UNGA 74 | Human Rights Council President applauds human rights defenders for fighting for the rights of others

18.11.2019

In presenting the report of the Human Rights Council to the Third Committee of the UN General Assembly on 1 November, the President of the Human Rights Council addressed  the importance of human rights defenders in the Council’s work and called for reprisals against individuals who cooperate with the UN to end.

The role of defenders at the Council 

‘Civil society plays a vital role in ensuring that the Human Rights Council stays relevant and based on reality,’ stressed Coly Seck as he presented the Human Rights Council report. ‘Without civil society and human rights defenders, the Human Rights Council would not have the visibility of the human rights community. Human rights defenders keep us informed and engaged,’ he added.

The President's words were welcomed by ISHR's Tess McEvoy. ‘We echo Seck’s call for enhanced civil society participation in the General Assembly’ said McEvoy.

The President also addressed the increased number of reports of reprisals against human rights defenders engaging with the Human Rights Council. Specifically calling for an end to attacks against individuals who cooperate with all UN human rights bodies and mechanisms. ‘We welcome the EU’s reiteration of the call for an end to human rights abuses by States and - importantly - corporations’ added McEvoy.

The President reported on country-specific mandates created by the Council to address national human rights situations such as in Venezuela, Myanmar, Nicaragua and the Philippines. This, as expected, was met with hostility from States that have presently, or previously, been the subject of such a mandate.

Unsurprisingly, Venezuela as a recently elected member of the Council welcomed the mandate of the President, but asked for his office to ensure that the Council ends the ‘politicisation of human rights,’ making specific reference to the Fact-Finding Mission that was established by the Human Rights Council earlier this year ‘to investigate extrajudicial executions, enforced disappearances, arbitrary detentions and torture and other cruel, inhumane or degrading treatment since 2014’ in the country. 

Adoption of the resolution on the report of the Human Rights Council  

On 7 November, the Third Committee voted on the resolution presenting the annual Report of the Human Rights Council (A/74/53)

Controversially, this resolution is presented at each session of the Third Committee by the African Group stating that the Third Committee ‘notes’ the report of the Human Rights Council. Similar discussions ensued during the adoption of the resolution, with some countries expressing concern over the Council’s action on country situations, including on their own. However, numerous other countries spoke out in support of action taken by the Council.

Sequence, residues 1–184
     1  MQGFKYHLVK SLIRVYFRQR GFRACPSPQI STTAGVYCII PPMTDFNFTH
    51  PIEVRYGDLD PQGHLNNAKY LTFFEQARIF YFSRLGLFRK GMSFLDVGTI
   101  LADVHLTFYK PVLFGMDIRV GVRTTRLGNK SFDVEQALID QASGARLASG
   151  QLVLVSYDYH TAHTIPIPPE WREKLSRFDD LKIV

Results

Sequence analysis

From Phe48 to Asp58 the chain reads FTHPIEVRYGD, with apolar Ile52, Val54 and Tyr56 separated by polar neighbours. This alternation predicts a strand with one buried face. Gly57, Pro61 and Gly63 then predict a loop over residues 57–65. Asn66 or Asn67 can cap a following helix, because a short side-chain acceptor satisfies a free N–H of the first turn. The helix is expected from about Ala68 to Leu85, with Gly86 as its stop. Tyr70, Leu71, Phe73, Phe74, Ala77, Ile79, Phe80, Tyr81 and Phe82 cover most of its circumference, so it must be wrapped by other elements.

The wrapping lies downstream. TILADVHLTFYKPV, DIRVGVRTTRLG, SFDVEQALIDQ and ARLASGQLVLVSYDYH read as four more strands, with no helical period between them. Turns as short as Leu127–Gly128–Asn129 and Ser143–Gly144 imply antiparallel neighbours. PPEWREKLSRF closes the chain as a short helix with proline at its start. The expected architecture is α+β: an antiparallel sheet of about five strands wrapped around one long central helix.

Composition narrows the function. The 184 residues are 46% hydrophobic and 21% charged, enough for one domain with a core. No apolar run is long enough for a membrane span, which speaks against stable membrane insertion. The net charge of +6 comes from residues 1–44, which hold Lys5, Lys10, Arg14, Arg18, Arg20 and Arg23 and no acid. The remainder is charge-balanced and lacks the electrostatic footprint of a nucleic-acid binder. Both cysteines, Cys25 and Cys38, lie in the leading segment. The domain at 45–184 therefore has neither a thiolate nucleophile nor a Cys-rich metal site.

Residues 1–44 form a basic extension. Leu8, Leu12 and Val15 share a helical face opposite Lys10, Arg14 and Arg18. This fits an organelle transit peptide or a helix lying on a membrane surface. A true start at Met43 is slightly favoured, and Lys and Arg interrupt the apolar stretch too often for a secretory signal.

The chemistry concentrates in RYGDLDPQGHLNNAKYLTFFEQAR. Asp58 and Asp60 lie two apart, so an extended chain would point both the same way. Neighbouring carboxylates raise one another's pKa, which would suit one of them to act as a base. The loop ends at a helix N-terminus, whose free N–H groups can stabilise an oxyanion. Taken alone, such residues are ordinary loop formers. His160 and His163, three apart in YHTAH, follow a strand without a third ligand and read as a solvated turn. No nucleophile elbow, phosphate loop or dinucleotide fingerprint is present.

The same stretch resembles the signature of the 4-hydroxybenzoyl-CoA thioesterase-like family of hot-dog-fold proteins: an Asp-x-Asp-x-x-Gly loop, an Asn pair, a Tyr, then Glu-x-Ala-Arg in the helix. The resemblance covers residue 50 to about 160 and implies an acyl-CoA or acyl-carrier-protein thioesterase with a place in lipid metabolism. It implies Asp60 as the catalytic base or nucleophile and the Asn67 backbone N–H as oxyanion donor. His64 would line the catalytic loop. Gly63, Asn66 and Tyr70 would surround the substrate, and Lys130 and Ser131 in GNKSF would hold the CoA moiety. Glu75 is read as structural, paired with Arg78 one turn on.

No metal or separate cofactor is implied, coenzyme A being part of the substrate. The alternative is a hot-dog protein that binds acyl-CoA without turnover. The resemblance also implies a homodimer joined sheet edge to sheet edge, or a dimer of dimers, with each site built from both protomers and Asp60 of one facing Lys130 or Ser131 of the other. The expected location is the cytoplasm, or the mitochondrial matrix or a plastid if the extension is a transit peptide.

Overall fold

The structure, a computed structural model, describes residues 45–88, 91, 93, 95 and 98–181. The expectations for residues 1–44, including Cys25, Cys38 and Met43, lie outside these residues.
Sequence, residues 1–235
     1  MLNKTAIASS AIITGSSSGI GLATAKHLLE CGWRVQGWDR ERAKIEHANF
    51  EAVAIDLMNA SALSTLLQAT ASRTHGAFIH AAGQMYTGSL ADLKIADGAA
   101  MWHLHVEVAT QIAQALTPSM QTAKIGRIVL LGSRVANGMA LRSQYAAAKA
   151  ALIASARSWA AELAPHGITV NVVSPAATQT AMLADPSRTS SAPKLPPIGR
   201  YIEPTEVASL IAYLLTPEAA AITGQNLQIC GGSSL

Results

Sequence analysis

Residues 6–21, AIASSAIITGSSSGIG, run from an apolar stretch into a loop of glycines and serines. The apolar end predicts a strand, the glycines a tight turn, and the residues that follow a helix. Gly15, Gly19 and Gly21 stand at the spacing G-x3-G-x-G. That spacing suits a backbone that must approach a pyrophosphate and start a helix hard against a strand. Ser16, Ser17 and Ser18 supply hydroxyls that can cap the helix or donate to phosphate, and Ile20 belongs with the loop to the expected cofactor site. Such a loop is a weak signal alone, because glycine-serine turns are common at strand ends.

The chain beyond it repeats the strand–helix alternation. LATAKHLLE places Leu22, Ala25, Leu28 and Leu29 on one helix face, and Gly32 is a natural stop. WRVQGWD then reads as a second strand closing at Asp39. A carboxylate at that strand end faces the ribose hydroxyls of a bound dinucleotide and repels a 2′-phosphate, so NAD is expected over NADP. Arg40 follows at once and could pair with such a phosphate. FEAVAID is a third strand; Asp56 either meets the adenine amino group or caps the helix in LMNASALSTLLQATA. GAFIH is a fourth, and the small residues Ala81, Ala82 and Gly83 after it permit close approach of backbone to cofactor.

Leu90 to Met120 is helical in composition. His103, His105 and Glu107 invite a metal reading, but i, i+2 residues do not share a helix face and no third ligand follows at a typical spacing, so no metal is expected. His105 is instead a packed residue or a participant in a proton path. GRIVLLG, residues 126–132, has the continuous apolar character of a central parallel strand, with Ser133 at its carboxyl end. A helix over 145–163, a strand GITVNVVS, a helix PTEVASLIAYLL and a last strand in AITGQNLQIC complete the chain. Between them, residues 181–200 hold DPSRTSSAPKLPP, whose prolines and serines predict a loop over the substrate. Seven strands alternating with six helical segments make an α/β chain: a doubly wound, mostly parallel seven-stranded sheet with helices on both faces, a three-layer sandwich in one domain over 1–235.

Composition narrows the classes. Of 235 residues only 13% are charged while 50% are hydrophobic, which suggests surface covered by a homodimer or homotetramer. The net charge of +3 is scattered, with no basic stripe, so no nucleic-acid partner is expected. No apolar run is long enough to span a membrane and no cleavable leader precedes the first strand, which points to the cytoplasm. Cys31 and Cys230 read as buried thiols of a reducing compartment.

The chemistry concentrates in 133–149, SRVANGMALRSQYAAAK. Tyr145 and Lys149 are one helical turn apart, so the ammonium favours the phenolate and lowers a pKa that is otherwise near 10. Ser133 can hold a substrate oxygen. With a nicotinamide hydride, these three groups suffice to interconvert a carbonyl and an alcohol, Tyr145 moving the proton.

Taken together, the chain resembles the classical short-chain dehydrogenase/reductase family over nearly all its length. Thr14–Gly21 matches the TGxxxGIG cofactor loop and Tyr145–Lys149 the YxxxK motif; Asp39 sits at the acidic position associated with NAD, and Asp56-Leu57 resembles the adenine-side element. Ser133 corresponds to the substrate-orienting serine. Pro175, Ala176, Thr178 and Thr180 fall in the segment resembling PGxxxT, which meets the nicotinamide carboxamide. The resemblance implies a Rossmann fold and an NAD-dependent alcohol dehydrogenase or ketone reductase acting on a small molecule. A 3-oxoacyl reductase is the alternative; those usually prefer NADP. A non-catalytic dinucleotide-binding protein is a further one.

We welcome statements made and voting in support of the independence of the Human Rights Council. Deemed as the UN’s premier human rights body, it is integral that the Council takes action toward the protection of human rights on the ground. 

No challenge to renewal of the Independent Expert on Sexual Orientation and Gender Identity 

Critically, the adoption of the resolution on the report of the Human Rights Council took place without challenge to the extension of the mandate of the Independent Expert on protection against violence and discrimination on the basis of Sexual Orientation and Gender Identity

In 2016 when the mandate of Independent Expert was created, an amendment challenging the creation was tabled at the Third Committee through the resolution presenting the Council report. This year, a record-high number of States supported the renewal of the mandate at the Human Rights Council in July, and the mandate was not challenged in the Third Committee. ‘This is a clear indication that the international community is becoming both more aware and less tolerant of violence and discrimination on the basis of SOGI’ said ISHR’s Tess McEvoy

‘It was not long ago that the words 'sexual orientation' and 'gender identity' could not even be uttered at the UN. The lack of challenge at the Third Committee is another significant step in the fight against violence and discrimination against LGBT persons,' McEvoy added.

Contact: Tess McEvoy, t.mcevoy@ishr.ch

Photo: UN Geneve/Flickr

 

 

Category:

Topic
  • Human rights defenders
  • LGBT rights
  • NGOs
  • United Nations
Mechanism
  • UN General Assembly
  • Third Committee of the UN General Assembly
  • UN Human Rights Council